And while the “giant eyeball” or “golfball” antennas are often very easy to spot in outside deployments, for indoor arenas or domed venues the MatSing balls can be tucked up against rooftop beams and catwalks, where they can go unnoticed alongside the other structural attachments like heating ducts, speakers and lighting. For venues concerned about the number of antenna placements growing near seating areas, a ceiling-mounted MatSing ball network could be an elegant way to add capacity without compromising aesthetics.

MatSing balls deployed at an outdoor event. Credit: MatSing

The MatSing balls can also be used at outdoor arenas, as long as there is someplace to mount them; at the Saskatchewan Roughriders’ Mosaic Stadium in Regina, Saskatchewan, the antennas already have a nickname of the “dingle balls,” and are a key part of an aggressive wireless coverage strategy for the 33,000-seat home of the CFL’s Roughriders.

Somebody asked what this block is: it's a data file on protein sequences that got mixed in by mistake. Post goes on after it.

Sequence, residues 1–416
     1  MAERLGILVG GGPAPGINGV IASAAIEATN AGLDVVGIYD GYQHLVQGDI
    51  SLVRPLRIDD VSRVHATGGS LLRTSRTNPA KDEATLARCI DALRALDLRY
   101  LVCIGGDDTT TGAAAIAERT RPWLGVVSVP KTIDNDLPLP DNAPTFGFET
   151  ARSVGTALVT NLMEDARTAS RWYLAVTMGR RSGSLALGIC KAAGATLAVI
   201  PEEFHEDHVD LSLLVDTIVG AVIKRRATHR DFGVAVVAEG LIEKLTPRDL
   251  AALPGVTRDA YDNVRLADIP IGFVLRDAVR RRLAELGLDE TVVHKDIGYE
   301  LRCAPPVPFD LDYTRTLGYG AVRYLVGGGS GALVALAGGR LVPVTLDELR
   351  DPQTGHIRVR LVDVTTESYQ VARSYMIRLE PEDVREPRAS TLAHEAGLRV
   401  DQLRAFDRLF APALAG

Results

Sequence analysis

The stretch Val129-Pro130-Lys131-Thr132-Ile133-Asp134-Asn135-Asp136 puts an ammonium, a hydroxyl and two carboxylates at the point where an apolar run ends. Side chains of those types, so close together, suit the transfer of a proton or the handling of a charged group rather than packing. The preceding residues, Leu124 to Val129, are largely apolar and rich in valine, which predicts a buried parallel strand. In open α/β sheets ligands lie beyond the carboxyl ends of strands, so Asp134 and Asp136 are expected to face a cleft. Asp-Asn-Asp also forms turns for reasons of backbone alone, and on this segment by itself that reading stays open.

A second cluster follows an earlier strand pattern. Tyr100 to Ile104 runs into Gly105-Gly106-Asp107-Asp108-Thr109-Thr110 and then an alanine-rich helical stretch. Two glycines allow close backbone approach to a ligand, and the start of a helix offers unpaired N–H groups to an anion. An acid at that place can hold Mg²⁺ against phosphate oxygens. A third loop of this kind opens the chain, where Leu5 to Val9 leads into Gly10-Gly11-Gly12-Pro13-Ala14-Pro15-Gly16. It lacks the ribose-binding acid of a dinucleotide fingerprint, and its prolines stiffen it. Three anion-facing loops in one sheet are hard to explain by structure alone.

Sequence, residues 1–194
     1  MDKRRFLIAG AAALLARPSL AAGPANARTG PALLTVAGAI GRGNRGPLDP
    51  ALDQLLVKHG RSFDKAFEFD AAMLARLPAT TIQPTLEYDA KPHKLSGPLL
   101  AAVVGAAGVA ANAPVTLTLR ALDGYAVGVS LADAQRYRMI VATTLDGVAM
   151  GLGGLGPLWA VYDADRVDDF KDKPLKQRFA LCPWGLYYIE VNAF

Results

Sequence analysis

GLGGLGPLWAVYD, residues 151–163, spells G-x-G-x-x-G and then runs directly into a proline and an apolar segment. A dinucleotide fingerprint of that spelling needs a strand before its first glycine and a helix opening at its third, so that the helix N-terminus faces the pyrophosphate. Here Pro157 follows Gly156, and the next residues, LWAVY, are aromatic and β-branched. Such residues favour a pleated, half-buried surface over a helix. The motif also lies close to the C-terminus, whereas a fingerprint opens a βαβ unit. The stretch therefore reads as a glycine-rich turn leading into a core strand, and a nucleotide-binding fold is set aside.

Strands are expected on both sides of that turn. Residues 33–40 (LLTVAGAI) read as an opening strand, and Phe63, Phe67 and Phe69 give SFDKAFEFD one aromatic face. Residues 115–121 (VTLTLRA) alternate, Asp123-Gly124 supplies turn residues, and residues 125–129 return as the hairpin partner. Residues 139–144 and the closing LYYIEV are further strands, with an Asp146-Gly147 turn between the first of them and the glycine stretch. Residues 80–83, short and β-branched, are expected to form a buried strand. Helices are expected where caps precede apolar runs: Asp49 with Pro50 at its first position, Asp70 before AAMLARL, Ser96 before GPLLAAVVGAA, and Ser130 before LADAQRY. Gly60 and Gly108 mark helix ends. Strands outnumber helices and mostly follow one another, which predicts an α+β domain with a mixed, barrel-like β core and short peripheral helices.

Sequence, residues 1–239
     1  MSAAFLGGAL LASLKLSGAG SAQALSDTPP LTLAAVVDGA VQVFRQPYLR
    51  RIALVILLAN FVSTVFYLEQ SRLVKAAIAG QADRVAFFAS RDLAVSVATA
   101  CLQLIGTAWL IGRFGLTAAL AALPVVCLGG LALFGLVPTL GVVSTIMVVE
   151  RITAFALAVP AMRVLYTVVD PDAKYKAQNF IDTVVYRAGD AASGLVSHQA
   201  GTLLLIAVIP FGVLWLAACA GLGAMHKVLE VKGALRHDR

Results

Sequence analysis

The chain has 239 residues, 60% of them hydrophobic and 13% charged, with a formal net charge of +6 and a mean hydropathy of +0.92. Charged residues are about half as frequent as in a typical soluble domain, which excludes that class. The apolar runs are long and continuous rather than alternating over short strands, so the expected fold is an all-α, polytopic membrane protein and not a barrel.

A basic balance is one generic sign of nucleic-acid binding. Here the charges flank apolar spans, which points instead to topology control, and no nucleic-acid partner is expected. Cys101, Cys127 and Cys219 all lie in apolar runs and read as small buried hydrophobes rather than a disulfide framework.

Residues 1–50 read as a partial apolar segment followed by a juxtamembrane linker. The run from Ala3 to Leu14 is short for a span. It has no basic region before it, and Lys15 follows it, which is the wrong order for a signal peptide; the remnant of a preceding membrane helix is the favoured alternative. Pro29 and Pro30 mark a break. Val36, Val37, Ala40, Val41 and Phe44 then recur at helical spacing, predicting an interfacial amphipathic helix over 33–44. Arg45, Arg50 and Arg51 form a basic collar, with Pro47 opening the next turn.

‘Like a contact lens’

Without getting too deep into the technology behind the antennas, MatSing chief product officer Tony DeMarco suggested comparing the focusing ability to that of a contact lens. For the Amalie Arena deployment, AT&T is using a version of the MatSing antenna that can provide up to 18 different beams of radio frequency, far more than most standard antennas. (Other larger versions of the ball antennas can support even more connections.) According to DeMarco, the beams can then be easily focused by using a laser to point down to seating areas, a much more precise configuration than other antenna technologies.

Unlike other deployement methods, like under-seat antenna enclosures, the MatSing balls typically have a clear line-of-sight path to potential users, which DeMarco claims can offer faster, better connections.

Since there haven’t been any full-stadium MatSing deployments before, there’s not enough evidence yet to fully compare whether or not going all-in on the ball design will offer greater performance or budgetary savings over other methods. The confident DeMarco, however, has a couple predictions he’s willing to bet on — that in 3 years’ time, “every operator will be using a lens antenna, and every venue will be using a lens antenna. It’s a graceful use of physics with a lot of potential.”